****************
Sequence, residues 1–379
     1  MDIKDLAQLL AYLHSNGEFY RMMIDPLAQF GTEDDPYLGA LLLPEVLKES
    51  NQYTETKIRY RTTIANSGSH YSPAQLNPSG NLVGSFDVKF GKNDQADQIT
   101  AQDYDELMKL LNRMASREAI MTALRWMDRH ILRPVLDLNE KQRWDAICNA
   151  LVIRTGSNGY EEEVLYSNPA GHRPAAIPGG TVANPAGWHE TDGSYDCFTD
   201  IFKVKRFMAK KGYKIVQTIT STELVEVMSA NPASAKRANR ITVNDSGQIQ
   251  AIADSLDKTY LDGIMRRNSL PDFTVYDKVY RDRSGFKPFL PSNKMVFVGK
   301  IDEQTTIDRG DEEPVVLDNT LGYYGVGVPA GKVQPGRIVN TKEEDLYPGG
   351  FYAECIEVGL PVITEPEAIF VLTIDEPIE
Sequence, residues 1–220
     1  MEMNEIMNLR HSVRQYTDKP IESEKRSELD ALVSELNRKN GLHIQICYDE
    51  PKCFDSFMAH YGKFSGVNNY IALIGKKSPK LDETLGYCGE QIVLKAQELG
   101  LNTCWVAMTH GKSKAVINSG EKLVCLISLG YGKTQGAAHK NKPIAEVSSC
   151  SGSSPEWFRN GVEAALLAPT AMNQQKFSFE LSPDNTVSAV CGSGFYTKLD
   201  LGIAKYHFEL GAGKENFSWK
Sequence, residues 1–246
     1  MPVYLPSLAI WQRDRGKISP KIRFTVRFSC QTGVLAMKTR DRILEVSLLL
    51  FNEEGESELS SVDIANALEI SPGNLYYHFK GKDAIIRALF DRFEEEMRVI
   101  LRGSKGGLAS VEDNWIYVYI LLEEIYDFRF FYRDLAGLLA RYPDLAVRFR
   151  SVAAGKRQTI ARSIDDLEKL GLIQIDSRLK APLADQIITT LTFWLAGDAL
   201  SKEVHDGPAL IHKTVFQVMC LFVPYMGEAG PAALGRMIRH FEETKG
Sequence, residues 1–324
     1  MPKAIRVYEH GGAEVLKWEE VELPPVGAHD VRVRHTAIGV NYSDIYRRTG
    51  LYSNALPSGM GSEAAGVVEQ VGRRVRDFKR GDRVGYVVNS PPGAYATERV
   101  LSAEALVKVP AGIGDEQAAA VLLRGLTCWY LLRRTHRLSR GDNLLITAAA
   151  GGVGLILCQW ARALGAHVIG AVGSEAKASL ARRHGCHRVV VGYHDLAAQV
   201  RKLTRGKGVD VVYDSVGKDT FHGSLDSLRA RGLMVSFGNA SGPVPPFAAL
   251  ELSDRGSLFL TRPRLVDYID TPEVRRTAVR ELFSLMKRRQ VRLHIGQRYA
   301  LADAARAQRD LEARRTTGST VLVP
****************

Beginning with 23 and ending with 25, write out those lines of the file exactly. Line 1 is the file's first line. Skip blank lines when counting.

     1  MPKAIRVYEH GGAEVLKWEE VELPPVGAHD VRVRHTAIGV NYSDIYRRTG
    51  LYSNALPSGM GSEAAGVVEQ VGRRVRDFKR GDRVGYVVNS PPGAYATERV
   101  LSAEALVKVP AGIGDEQAAA VLLRGLTCWY LLRRTHRLSR GDNLLITAAA